Also I would like to say that during last 4 or 5 years something has become my main goal (at work). I do not know how which preposition is the correct one, whether to use "the" with "last years" and if "get" can be used for the change or something else describing slow change.

During (in) last (the) 4-5 years, it got (became? grown?) my main goal.


In the last five years, [it] has become my main goal.

In the last five years, [it] has grown to become my main goal.

You could also use "Over the last five years". I would also consider "primary aim" as an alternative to "main goal".

If you'd like to say 4-5 years, I'd use "In the last four to five years". You can also swap the clauses if you like to:

[It] has grown to become my main goal over the last four to five years.

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  • Thanks. However, I would like to say it was 4 or 5 years. Also could it be like: In the last 4-5 years..? – Pietro Jul 22 '12 at 15:35
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    Updated. Unless it's very informal, I would spell the numbers out. – coleopterist Jul 22 '12 at 15:42
  • @Pietro: It can be in the last four or five years which is a usual way of conveying duration in common English as well as the ones that were mentioned. – Tear--Here Jul 23 '12 at 3:46

I can't exactly put my finger on why, but "during" doesn't work very well for me in OP's example, and I find "in" even less acceptable. To me, the natural phrasing is

Over the last 4-5 years, it became my main goal. (or perhaps better, has become).

Personally, I'd prefer "objective" over "goal" here. I think that's because I find it slightly awkward to envisage multiple goals as objectives/targets. I know there are two on a football pitch, but each individual player is only interested in putting the ball into one of them.

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  • Fumble what is the difference between and when do we use "Over the last 4-5 years, it became my main goal." and "Over the last 4-5 years, it has become my main goal.? – Policewala May 9 '16 at 6:00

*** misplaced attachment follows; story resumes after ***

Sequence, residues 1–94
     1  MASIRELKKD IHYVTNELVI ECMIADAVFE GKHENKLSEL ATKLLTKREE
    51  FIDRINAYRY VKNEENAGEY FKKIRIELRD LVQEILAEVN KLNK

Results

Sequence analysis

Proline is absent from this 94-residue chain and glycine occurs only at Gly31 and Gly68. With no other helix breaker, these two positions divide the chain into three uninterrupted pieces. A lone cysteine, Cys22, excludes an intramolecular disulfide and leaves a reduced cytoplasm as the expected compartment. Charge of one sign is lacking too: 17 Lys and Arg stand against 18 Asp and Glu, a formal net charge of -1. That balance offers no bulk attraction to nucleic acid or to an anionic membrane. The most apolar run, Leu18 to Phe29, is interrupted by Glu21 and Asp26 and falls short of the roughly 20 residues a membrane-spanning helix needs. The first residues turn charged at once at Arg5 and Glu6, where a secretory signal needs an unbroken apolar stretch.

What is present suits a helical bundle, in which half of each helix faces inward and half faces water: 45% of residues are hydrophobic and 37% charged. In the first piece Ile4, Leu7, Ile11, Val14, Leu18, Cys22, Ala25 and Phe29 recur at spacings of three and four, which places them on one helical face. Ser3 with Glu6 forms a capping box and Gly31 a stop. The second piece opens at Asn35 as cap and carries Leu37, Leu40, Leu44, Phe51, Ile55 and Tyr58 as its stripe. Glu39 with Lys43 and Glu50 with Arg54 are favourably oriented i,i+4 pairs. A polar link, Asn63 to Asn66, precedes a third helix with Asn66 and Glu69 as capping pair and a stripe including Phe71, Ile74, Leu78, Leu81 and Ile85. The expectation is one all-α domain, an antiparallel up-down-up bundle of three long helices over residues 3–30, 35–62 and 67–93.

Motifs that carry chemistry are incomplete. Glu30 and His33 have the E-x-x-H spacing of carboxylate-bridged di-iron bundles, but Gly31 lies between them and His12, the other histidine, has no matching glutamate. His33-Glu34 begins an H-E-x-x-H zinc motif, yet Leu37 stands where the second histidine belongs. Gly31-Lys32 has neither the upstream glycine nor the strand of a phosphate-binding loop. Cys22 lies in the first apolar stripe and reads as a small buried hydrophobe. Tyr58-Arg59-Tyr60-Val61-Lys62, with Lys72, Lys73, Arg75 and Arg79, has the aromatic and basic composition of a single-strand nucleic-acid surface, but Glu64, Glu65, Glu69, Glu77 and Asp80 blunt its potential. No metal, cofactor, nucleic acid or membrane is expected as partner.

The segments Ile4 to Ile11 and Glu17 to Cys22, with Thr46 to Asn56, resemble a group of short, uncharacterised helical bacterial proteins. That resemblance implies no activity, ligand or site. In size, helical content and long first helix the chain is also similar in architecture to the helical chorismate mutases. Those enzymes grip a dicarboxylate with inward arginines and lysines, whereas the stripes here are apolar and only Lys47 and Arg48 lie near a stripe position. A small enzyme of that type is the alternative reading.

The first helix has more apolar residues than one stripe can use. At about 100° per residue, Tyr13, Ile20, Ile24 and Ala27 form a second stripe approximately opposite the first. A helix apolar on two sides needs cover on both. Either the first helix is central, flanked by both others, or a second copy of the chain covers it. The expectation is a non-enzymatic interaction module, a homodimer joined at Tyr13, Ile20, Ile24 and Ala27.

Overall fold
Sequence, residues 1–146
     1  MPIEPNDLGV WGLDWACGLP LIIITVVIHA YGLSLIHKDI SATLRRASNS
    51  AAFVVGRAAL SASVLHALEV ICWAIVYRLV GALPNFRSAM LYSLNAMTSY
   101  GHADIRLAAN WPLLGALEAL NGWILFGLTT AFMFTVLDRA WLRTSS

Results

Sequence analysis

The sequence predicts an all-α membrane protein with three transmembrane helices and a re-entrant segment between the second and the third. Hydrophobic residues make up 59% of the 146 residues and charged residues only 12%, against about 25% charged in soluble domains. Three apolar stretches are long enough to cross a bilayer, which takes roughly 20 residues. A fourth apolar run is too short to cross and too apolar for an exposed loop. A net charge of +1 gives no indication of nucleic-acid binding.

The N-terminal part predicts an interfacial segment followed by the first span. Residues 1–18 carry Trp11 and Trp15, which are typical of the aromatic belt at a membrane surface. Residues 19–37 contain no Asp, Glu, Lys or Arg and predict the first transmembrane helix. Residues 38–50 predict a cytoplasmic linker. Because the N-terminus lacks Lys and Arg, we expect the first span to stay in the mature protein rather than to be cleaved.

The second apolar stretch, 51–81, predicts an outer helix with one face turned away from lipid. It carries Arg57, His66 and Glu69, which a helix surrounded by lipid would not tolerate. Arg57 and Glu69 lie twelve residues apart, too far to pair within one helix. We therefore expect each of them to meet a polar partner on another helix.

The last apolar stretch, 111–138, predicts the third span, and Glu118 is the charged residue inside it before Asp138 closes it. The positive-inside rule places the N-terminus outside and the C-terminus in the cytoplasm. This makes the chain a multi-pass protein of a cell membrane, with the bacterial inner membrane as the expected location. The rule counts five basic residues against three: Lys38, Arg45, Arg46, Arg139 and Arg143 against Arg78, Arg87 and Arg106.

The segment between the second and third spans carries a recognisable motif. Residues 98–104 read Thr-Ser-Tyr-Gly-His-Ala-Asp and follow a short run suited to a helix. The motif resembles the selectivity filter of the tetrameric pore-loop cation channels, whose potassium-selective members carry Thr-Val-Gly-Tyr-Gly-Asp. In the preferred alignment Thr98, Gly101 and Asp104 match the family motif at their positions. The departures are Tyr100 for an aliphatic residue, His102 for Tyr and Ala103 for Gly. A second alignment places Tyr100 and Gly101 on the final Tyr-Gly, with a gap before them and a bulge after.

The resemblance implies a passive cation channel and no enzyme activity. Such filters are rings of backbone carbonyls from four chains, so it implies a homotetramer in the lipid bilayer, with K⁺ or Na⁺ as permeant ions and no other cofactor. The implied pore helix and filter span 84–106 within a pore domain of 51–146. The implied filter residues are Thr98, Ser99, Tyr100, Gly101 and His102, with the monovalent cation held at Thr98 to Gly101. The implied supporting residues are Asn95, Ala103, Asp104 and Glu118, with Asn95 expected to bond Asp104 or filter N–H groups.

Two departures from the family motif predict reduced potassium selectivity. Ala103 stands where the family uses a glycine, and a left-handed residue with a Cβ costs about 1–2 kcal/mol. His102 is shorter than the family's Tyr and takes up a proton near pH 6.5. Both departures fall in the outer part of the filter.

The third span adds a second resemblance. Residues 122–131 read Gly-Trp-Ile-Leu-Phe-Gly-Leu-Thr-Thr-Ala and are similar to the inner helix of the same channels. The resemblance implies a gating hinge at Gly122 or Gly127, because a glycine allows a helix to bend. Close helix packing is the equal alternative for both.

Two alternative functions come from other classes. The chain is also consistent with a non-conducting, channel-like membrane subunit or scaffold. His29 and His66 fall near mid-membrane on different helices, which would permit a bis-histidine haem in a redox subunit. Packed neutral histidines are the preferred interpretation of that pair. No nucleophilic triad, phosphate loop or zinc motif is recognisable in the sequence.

• @Policewala: For that specific example, it's not easy to see how there could be any difference in meaning without conjuring up some weird contrived context. So the main difference is simply that for most native speakers, present perfect (has become) probably sounds "better" because that tense more accurately reflects the intended meaning; the act of "becoming" which started in the past is ongoing and/or still relevant now (at time of speaking). – FumbleFingers May 10 '16 at 13:30
  • ...The difference is more obviously meaningful with, say Over the last few months John became / has become suicidally depressed. With Simple Past people would be quite likely to assume John is now dead, but with Present Perfect it's an absolute certainty that although he's (still) suicidally depressed, he hasn't actually killed himself (yet! :) – FumbleFingers May 10 '16 at 13:35
  • Than kyou Fumble. If I say 'He went out today' does it mean he he may still me out or he has come back? And when I say ' He has gone out today', does it mean he has not come back? Is this difference right? And tell me if find any more differences. Also could you tell what the difference between: I have done the home and I did the homework. I can't figure out the difference. Many thanks! – Policewala May 12 '16 at 1:36

To me, "During the last 4-5 years, it has become my main goal" sounds better than the other options. You could also say, "It has become my main goal over the last 4-5 years".

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